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Six swans

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They stood on the floor and blew at one another, and blew all their feathers off, and their swan-skin came off like a shirt. Then the maiden recognised her brothers, and overjoyed she crept out from under the bed. Her brothers were not less delighted than she to see their little sister again, but their joy did not last long. 'You cannot stay here,' they said to her. 'This is a den of robbers; if they were to come here and find you they would kill you.' 'Could you not protect me?' asked the little sister. 'No,' they answered, 'for we can only lay aside our swan skins for a quarter of an hour every evening. For this time we regain our human forms, but then we are changed into swans again.' Then the little sister cried and said, 'Can you not be freed?' 'Oh, no,' they said, 'the conditions are too hard. You must not speak or laugh for six years, and must make in that time six shirts for us out of star-flowers. If a single word comes out of your mouth, all your labour is vain.' And when the brothers had said this the quarter of an hour came to an end, and they flew away out of the window as swans.



But the maiden had determined to free her brothers even if it should cost her her life. She left the hut, went into the forest, climbed a tree, and spent the night there. The next morning she went out, collected star-flowers, and began to sew. She could speak to no one, and she had no wish to laugh, so she sat there, looking only at her work. When she had lived there some time, it happened that the King of the country was hunting in the forest, and his hunters came to the tree on which the maiden sat. They called to her and said 'Who are you?' But she gave no answer. 'Come down to us,' they said, 'we will do you no harm.' But she shook her head silently. As they pressed her further with questions, she threw them the golden chain from her neck. But they did not leave off, and she threw them her girdle, and when this was no use, her garters, and then her dress. The huntsmen would not leave her alone, but climbed the tree, lifted the maiden down, and led her to the King. The King asked, 'Who are you? What are you doing up that tree?' But she answered nothing.



He asked her in all the languages he knew, but she remained as dumb as a fish. Because she was so beautiful, however, the King's heart was touched, and he was seized with a great love for her. He wrapped her up in his cloak, placed her before him on his horse, and brought her to his castle. There he had her dressed in rich clothes, and her beauty shone out as bright as day, but not a word could be drawn from her. He set her at table by his side, and her modest ways and behaviour pleased him so much that he said, 'I will marry this maiden and none other in the world,' and after some days he married her. But the King had a wicked mother who was displeased with the marriage, and said wicked things of the young Queen. 'Who knows who this girl is?' she said; 'she cannot speak, and is not worthy of a king.'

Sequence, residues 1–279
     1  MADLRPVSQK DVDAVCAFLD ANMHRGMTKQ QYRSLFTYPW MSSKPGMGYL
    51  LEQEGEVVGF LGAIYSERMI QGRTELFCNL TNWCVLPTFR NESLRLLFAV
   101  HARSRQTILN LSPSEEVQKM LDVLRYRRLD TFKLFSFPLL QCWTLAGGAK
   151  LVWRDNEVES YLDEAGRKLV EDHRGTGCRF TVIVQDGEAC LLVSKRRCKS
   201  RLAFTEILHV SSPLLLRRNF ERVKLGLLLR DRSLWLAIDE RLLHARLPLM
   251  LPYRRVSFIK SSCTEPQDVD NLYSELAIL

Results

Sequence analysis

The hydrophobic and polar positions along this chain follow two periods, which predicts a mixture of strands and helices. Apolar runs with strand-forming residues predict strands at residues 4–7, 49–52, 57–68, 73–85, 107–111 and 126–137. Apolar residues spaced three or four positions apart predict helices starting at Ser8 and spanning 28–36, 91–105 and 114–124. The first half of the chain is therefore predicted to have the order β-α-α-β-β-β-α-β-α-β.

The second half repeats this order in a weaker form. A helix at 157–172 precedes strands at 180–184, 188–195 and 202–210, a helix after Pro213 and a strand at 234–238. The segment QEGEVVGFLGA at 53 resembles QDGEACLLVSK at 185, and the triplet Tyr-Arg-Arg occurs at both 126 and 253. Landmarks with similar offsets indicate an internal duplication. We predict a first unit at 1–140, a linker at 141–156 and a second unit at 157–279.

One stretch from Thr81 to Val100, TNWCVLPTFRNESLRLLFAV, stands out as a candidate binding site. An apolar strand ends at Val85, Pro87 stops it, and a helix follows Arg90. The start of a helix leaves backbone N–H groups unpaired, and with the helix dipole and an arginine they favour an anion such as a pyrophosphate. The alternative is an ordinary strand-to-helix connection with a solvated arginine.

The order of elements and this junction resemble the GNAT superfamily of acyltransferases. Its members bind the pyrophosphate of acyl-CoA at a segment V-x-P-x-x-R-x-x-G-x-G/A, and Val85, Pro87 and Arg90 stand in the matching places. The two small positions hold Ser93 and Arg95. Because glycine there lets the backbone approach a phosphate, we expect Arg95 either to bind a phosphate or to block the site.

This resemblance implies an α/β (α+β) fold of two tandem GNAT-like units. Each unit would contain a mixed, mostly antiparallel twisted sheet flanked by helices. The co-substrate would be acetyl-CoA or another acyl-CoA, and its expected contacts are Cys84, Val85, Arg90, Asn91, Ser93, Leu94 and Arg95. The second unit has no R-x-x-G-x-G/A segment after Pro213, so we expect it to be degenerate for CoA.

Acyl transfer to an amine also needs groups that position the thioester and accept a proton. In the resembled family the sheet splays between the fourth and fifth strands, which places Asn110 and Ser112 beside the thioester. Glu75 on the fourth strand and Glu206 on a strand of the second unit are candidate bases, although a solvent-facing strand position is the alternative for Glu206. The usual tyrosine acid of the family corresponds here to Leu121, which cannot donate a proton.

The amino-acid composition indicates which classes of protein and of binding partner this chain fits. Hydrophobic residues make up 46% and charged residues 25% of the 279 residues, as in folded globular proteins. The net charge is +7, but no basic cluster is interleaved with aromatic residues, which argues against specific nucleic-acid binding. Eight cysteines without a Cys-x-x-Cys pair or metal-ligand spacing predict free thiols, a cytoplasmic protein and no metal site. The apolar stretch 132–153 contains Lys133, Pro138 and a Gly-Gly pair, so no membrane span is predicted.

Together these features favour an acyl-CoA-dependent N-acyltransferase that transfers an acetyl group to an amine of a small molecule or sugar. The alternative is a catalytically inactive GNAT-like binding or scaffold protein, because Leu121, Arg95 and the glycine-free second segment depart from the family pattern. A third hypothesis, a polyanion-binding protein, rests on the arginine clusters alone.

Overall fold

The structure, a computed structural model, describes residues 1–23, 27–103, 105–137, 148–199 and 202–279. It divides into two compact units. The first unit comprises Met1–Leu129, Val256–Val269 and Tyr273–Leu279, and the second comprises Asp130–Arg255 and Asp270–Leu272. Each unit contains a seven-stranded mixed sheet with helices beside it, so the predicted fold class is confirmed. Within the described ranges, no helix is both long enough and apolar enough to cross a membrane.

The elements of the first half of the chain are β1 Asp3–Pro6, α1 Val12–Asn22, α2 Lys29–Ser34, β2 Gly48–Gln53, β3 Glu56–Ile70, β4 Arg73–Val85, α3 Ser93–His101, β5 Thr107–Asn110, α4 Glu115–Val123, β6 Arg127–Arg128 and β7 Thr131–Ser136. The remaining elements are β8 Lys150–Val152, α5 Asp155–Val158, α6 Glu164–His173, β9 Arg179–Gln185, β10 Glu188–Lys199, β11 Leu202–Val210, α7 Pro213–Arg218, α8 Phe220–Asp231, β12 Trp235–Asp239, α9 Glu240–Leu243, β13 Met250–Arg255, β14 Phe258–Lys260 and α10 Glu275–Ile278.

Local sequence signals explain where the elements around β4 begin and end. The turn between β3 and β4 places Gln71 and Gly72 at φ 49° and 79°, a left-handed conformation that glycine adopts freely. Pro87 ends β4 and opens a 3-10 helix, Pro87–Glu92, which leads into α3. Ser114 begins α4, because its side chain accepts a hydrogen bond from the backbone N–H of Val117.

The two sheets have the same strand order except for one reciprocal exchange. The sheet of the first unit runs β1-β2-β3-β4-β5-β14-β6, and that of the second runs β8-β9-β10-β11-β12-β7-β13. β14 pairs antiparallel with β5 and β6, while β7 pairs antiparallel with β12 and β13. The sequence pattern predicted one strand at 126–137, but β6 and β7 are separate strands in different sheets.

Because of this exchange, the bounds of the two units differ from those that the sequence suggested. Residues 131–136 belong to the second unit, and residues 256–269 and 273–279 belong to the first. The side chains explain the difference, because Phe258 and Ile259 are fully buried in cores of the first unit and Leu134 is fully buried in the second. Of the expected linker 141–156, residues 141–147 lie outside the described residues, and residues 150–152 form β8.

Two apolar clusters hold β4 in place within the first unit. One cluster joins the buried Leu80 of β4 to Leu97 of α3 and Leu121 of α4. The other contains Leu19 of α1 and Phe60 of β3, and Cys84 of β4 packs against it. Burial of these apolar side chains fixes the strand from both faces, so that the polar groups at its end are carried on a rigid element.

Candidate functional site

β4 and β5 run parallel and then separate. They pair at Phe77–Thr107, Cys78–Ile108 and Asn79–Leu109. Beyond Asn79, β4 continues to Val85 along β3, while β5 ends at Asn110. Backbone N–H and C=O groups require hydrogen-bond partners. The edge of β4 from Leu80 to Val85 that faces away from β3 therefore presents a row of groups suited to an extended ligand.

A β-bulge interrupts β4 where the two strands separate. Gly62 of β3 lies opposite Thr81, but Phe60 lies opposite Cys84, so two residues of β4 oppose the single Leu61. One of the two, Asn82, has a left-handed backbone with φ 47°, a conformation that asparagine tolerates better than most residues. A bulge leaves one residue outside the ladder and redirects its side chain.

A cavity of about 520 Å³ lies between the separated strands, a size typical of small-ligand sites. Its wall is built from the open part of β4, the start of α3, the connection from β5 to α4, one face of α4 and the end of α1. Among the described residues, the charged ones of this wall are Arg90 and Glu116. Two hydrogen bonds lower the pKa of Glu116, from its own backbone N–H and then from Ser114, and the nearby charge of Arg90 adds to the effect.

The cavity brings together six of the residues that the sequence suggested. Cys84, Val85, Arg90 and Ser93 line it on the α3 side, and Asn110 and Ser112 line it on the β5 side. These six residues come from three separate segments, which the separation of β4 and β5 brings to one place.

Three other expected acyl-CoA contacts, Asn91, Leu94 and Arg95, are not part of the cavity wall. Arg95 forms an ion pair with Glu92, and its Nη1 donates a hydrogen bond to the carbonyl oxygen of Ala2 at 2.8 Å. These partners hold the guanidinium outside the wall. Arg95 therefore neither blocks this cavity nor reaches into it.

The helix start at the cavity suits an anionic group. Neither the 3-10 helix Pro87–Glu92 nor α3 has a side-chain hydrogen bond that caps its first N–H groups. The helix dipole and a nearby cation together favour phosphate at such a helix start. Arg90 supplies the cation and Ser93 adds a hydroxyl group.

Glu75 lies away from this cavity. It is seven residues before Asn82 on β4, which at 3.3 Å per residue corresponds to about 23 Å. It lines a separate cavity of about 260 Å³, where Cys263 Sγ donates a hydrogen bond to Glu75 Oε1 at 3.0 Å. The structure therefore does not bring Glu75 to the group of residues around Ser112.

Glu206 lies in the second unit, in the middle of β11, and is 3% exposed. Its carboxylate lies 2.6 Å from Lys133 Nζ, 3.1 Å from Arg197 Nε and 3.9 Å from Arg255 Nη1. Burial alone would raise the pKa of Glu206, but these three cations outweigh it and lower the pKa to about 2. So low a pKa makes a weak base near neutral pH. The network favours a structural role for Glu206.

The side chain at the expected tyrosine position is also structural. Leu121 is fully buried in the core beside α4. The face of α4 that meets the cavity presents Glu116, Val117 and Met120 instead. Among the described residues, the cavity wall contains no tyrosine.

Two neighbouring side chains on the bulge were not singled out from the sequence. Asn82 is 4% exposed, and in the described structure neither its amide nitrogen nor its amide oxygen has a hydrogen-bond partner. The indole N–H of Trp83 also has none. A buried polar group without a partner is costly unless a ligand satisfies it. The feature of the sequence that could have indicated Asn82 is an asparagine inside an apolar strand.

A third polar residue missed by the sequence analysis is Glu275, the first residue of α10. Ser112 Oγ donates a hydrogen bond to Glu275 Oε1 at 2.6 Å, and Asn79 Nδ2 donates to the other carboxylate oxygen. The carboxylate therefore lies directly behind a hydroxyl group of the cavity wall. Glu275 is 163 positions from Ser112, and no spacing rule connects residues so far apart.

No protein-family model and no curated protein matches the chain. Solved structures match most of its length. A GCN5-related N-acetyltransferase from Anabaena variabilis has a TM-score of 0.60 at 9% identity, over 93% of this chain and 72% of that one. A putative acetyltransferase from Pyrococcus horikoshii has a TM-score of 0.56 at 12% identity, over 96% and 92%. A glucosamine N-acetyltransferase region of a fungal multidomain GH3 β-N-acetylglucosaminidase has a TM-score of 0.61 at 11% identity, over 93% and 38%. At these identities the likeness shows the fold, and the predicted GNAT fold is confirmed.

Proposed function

After a year, when the Queen had her first child, the old mother took it away from her. Then she went to the King and said that the Queen had killed it. The King would not believe it, and would not allow any harm to be done her. But she sat quietly sewing at the shirts and troubling herself about nothing. The next time she had a child the wicked mother did the same thing, but the King could not make up his mind to believe her. He said, 'She is too sweet and good to do such a thing as that. If she were not dumb and could defend herself, her innocence would be proved.' But when the third child was taken away, and the Queen was again accused, and could not utter a word in her own defence, the King was obliged to give her over to the law, which decreed that she must be burnt to death. When the day came on which the sentence was to be executed, it was the last day of the six years in which she must not speak or laugh, and now she had freed her dear brothers from the power of the enchantment. The six shirts were done; there was only the left sleeve wanting to the last.



When she was led to the stake, she laid the shirts on her arm, and as she stood on the pile and the fire was about to be lighted, she looked around her and saw six swans flying through the air. Then she knew that her release was at hand and her heart danced for joy. The swans fluttered round her, and hovered low so that she could throw the shirts over them. When they had touched them the swan-skins fell off, and her brothers stood before her living, well and beautiful. Only the youngest had a swan's wing instead of his left arm. They embraced and kissed each other, and the Queen went to the King, who was standing by in great astonishment, and began to speak to him, saying, 'Dearest husband, now I can speak and tell you openly that I am innocent and have been falsely accused.' She told him of the old woman's deceit, and how she had taken the three children away and hidden them. Then they were fetched, to the great joy of the King, and the wicked mother came to no good end. But the King and the Queen with their six brothers lived many years in happiness and peace.

       



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